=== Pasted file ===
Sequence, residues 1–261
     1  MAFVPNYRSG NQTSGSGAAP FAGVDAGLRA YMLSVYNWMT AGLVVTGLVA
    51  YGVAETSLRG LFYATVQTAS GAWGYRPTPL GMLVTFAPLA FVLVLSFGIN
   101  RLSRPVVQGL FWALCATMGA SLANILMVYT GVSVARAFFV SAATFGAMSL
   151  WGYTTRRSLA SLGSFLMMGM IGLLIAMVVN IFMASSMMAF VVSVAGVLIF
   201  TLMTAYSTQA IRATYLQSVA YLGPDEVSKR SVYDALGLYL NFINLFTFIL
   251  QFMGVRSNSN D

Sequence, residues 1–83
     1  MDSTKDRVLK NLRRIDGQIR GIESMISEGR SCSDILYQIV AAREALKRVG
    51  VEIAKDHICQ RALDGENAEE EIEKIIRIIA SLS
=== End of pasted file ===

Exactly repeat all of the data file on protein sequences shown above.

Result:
Sequence, residues 1–261
     1  MAFVPNYRSG NQTSGSGAAP FAGVDAGLRA YMLSVYNWMT AGLVVTGLVA
    51  YGVAETSLRG LFYATVQTAS GAWGYRPTPL GMLVTFAPLA FVLVLSFGIN
   101  RLSRPVVQGL FWALCATMGA SLANILMVYT GVSVARAFFV SAATFGAMSL
   151  WGYTTRRSLA SLGSFLMMGM IGLLIAMVVN IFMASSMMAF VVSVAGVLIF
   201  TLMTAYSTQA IRATYLQSVA YLGPDEVSKR SVYDALGLYL NFINLFTFIL
   251  QFMGVRSNSN D

Sequence, residues 1–83
     1  MDSTKDRVLK NLRRIDGQIR GIESMISEGR SCSDILYQIV AAREALKRVG
    51  VEIAKDHICQ RALDGENAEE EIEKIIRIIA SLS